Astronomy and astrophysics

  • Article |

    Observations by the Ultra-Violet Imaging Telescope on AstroSat reveal ten blue compact dwarf galaxies with excess far-ultraviolet emission in their outer region, indicating star formation in accreting disks.

    • Anshuman Borgohain
    • , Kanak Saha
    •  & Shyam N. Tandon
  • Article |

    Analysis of the pulse profile of a fast radio burst showed sub-second periodicity, providing evidence for a neutron-star origin of the event and favouring emission arising from the magnetosphere.

    • Bridget C. Andersen
    • , Kevin Bandura
    •  & Andrew Zwaniga
  • Article |

    Lyman-α absorption observations from the Las Campanas Observatory are used to find a population of ultraviolet-dim protoclusters that contain few galaxies compared with their analogues in cosmological simulations.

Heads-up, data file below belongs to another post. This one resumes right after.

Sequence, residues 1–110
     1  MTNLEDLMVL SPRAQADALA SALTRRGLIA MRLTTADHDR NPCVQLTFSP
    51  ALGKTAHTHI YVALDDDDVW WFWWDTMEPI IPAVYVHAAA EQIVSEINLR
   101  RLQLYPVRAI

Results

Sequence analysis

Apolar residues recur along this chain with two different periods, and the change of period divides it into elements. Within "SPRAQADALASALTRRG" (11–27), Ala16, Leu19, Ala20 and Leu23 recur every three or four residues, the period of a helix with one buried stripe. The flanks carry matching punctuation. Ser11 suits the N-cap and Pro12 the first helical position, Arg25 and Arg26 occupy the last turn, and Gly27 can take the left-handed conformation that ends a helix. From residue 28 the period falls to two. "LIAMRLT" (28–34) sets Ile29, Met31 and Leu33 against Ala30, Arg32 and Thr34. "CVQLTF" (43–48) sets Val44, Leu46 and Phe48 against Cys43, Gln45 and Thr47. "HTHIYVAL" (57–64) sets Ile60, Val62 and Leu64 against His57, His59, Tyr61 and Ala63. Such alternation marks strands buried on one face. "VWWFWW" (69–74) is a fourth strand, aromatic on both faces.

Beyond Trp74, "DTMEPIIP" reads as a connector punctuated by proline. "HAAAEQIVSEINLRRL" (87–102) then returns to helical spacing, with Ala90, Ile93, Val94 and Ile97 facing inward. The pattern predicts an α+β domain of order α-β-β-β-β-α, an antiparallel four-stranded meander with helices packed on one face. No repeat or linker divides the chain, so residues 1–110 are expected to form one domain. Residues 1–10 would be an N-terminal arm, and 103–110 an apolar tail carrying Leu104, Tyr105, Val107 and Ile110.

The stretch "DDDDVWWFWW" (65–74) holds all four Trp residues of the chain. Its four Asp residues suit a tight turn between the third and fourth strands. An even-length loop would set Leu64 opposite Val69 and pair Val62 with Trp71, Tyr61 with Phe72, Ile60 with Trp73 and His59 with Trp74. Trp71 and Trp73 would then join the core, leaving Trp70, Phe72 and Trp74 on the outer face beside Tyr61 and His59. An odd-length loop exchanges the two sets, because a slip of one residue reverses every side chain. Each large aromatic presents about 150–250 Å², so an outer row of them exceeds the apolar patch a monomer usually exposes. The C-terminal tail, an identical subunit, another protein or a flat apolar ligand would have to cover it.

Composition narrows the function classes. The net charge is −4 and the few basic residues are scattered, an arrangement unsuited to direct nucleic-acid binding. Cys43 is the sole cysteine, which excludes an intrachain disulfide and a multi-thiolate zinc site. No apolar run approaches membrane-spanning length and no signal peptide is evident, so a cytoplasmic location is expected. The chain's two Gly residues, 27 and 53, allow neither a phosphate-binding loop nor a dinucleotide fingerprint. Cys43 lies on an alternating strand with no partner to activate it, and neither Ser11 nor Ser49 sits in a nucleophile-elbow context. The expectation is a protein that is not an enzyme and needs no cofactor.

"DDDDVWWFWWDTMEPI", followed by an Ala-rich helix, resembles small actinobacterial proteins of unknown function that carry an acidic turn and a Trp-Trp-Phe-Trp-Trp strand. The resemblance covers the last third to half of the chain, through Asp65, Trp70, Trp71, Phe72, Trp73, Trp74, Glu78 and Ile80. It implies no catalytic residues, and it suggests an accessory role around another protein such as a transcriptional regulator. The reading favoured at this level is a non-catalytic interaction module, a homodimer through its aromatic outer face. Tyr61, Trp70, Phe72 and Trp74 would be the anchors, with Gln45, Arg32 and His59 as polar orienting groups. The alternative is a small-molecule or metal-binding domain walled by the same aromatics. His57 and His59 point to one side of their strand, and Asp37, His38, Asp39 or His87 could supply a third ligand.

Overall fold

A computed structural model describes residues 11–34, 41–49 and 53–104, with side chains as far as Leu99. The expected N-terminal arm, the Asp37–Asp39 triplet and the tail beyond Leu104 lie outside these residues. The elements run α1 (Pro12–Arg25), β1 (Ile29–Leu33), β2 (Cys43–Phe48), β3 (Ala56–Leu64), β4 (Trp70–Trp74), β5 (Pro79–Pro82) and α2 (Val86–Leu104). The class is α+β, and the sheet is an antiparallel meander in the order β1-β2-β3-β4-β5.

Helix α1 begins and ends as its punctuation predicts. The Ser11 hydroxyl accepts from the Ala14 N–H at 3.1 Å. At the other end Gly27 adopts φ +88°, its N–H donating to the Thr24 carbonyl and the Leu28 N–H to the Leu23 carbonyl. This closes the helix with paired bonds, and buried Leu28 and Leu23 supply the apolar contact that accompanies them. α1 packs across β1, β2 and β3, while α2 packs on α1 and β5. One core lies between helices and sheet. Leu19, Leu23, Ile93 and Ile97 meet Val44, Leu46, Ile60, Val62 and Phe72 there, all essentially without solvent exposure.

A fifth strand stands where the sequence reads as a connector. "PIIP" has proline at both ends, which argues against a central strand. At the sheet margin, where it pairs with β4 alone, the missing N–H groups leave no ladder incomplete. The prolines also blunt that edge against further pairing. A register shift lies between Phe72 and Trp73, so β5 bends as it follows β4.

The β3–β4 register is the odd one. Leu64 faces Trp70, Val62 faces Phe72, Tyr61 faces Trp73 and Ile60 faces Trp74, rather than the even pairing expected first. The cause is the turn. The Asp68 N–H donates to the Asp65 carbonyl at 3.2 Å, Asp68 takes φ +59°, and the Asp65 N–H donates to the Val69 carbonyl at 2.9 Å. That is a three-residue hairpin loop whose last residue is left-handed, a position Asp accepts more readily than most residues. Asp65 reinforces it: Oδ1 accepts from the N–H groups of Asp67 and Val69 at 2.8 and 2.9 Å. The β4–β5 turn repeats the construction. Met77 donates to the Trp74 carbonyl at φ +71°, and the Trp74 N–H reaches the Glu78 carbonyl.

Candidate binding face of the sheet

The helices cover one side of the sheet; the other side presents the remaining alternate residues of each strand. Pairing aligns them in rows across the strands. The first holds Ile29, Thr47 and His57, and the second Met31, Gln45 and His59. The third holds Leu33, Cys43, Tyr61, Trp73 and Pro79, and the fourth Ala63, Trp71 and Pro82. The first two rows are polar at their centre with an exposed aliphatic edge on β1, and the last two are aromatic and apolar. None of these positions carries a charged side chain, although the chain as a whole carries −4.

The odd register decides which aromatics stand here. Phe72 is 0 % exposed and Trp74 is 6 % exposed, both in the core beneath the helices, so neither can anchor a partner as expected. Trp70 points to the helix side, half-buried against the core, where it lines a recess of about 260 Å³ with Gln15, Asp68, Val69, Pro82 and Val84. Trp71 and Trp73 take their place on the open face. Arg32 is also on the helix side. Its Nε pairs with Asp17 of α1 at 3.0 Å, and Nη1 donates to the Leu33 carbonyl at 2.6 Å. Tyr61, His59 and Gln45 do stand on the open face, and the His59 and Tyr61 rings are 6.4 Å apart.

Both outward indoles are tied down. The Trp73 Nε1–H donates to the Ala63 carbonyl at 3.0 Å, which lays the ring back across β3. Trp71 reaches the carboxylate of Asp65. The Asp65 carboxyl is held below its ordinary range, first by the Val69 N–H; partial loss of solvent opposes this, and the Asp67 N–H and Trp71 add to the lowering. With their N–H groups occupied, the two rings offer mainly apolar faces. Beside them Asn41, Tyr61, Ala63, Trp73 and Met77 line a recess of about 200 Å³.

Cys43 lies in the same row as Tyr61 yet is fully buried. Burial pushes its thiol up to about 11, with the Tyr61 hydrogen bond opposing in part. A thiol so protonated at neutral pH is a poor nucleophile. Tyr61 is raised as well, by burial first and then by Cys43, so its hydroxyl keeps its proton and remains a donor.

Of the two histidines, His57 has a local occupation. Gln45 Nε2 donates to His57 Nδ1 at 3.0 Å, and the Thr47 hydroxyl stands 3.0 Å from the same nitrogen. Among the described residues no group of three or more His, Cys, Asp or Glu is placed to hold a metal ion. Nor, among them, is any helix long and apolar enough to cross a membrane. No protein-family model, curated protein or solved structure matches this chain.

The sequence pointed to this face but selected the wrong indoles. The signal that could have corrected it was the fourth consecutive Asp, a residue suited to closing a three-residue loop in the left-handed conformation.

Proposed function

• Andrew B. Newman
    • , Gwen C. Rudie
    •  & John S. Mulchaey
  • Article
    | Open Access

    The physics of dense matter extracted from neutron star collision data is demonstrated to be consistent with information obtained from heavy-ion collisions, and analyses incorporating both data sources as well as information from nuclear theory provide new constraints for neutron star matter.

    • Sabrina Huth
    • , Peter T. H. Pang
    •  & Chris Van Den Broeck
  • Review Article |

    The highlights of a wide range of studies using data from the Chandra X-ray Observatory and the X-ray Multi-Mirror Mission (XMM-Newton) are reviewed.

    • Belinda J. Wilkes
    • , Wallace Tucker
    •  & Maria Santos-Lleo
  • Article
    | Open Access

    By evolving spatially resolved distributions of thermal and non-thermal electrons in a solar flare in a large coronal volume, it is shown that nearly all electrons experienced a prominent acceleration.

    • Gregory D. Fleishman
    • , Gelu M. Nita
    •  & Dale E. Gary
  • Article |

    Binarity and multiplicity in general strongly affect the properties of emerging stars, as well as the physical and chemical structures of protoplanetary disks and therefore potentially any emerging planetary systems.

    • Jes K. Jørgensen
    • , Rajika L. Kuruwita